Currently Being ModeratedDec 2, 2012 6:04 PM (in response to emmebbi)Re: But...where is real 0 db??? too low rec level
If the "REAL dB" you are referring to means dBFS, digital fullscale, that is at + 15.4dB at the M20d's meter.
If you are referreing to the main mix you have to consider that the main mix is recorded post master fader. If you have a level of, for example, +5dB and the master fader is very low, at -40dB, you have a very low level on the recording.
The levels on the M20d'd meters refer to analog dBu. If you see 0dB on the main meter this means that the analog signal at the output is at +4dBu, which is the usual nominal level in pro audio.
dB itself is not an absolute unit for levels. It is a logarithmical scale that needs a reference. The M20d's scale refers to nominal leve 0dB= +4dBu.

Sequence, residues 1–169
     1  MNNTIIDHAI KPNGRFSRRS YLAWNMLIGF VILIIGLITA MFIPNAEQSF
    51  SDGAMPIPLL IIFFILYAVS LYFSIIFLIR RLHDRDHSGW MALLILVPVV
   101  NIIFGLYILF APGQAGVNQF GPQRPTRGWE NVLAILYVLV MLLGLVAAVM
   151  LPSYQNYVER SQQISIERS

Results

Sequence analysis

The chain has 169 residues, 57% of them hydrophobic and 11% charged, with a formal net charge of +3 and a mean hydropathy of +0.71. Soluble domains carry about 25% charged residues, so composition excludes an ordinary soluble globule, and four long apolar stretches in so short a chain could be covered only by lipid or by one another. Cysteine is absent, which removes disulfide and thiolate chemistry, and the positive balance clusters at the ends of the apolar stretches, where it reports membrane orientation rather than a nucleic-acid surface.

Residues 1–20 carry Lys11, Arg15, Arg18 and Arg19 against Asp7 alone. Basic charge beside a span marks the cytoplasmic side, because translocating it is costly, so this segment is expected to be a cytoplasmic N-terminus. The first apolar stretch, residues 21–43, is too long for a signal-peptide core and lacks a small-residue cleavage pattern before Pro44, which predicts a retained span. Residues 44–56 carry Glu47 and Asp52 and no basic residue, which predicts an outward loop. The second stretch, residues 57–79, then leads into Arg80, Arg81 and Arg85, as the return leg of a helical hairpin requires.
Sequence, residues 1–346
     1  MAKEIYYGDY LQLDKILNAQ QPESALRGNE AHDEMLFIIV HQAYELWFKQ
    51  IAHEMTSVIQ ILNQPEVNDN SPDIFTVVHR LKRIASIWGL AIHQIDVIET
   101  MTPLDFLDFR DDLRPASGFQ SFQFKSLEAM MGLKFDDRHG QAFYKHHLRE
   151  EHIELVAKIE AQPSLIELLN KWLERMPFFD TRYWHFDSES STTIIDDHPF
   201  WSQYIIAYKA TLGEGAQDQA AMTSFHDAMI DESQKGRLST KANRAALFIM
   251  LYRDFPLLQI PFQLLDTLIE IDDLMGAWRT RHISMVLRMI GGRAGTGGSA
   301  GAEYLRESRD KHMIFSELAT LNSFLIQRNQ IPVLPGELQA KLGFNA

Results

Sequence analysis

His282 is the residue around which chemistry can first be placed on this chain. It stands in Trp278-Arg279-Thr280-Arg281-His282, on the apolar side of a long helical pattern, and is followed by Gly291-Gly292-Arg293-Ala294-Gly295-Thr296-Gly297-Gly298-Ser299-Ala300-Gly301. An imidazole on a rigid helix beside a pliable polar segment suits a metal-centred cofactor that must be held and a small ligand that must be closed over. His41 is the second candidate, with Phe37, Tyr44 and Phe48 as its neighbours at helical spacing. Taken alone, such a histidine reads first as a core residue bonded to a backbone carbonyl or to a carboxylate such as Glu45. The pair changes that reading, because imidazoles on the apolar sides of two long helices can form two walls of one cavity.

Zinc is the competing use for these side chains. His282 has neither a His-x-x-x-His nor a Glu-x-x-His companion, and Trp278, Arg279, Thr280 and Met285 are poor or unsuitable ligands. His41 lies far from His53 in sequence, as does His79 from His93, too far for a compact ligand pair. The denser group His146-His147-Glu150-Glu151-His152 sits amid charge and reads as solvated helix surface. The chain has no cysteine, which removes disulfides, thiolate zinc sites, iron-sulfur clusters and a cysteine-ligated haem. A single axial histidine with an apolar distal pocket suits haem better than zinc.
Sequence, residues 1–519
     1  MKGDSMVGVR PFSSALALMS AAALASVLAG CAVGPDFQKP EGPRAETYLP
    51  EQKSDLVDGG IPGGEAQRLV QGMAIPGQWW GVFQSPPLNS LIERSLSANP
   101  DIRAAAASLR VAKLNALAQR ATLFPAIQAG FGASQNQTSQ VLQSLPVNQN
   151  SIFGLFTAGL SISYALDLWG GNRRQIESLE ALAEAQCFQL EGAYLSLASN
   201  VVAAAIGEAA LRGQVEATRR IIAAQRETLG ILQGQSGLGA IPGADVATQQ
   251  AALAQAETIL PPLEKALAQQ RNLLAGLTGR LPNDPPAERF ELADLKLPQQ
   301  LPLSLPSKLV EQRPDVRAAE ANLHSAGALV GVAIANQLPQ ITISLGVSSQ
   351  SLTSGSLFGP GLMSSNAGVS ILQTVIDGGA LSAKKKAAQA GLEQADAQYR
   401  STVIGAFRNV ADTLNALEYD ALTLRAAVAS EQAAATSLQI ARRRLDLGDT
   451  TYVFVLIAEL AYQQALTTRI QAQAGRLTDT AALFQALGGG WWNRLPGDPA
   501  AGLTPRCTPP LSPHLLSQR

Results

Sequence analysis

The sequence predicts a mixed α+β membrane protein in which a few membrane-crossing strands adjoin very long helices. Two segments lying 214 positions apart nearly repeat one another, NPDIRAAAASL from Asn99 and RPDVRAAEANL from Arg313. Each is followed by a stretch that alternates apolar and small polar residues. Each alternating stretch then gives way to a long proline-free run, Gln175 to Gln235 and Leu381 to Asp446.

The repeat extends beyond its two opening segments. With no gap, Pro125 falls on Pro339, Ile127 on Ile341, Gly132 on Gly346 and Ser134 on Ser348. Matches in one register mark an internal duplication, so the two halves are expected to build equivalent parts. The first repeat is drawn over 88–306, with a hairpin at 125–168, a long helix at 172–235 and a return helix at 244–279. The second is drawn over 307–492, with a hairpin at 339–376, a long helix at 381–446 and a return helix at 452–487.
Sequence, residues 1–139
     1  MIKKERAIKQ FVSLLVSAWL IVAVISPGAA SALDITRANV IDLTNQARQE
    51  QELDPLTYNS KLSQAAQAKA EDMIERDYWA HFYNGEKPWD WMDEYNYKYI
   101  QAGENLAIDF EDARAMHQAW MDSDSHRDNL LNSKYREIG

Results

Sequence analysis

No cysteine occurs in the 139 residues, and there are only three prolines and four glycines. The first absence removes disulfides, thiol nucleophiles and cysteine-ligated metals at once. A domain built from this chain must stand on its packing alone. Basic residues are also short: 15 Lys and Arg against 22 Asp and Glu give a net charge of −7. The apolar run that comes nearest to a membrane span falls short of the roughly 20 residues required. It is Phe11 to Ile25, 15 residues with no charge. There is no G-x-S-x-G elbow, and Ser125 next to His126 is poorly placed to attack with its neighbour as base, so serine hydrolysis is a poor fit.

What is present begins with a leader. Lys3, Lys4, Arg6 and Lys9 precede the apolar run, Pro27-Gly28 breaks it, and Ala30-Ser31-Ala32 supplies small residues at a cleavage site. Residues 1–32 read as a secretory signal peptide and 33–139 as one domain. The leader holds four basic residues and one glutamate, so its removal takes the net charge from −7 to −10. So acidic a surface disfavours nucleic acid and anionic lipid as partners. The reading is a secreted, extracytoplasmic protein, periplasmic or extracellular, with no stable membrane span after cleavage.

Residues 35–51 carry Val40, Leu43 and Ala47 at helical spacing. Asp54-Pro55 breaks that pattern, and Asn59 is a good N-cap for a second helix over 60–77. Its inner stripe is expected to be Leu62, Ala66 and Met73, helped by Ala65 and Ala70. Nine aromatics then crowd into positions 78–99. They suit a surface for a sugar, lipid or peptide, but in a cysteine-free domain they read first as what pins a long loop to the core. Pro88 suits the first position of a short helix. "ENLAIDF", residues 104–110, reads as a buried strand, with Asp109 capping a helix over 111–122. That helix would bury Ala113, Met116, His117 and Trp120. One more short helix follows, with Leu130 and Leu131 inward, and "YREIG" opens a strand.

The file you are referring to seems to be at 0dBFS, which is digital fullscale. The maximum before clipping. Athe M20d's scale 0dB on the meter = -15.4 dBFS= +4dBu at the analog output.
If you would try to record at 0dBFS everything slightly above that would be clipping. With music this would not work. You can, of course, turn up the levels manually to have less headroom and a hotter recording. The mixer does not automatically change mix levels. Most digital live mixers have their "green" range around - 15 to -20 dBFS. As mentioned before, nothing prevents you from just turning it up and the mixer will not automatically change your mix. The mixer does prevent clipping on the inputs when you use trim tracking but this is automatically made up after the pre amp so there is no change in levels. This also only happens if you are really clipping the input.
Currently Being ModeratedDec 2, 2012 6:45 PM (in response to ArneLine6)Re: But...where is real 0 db??? too low rec level
I had the same problem of seemingly low recordings. Are you saying we should keep the master record level at around 0 anyway to avoid cliping. I was turning the master all the way up to compensate. Are you saying that will cause distortion.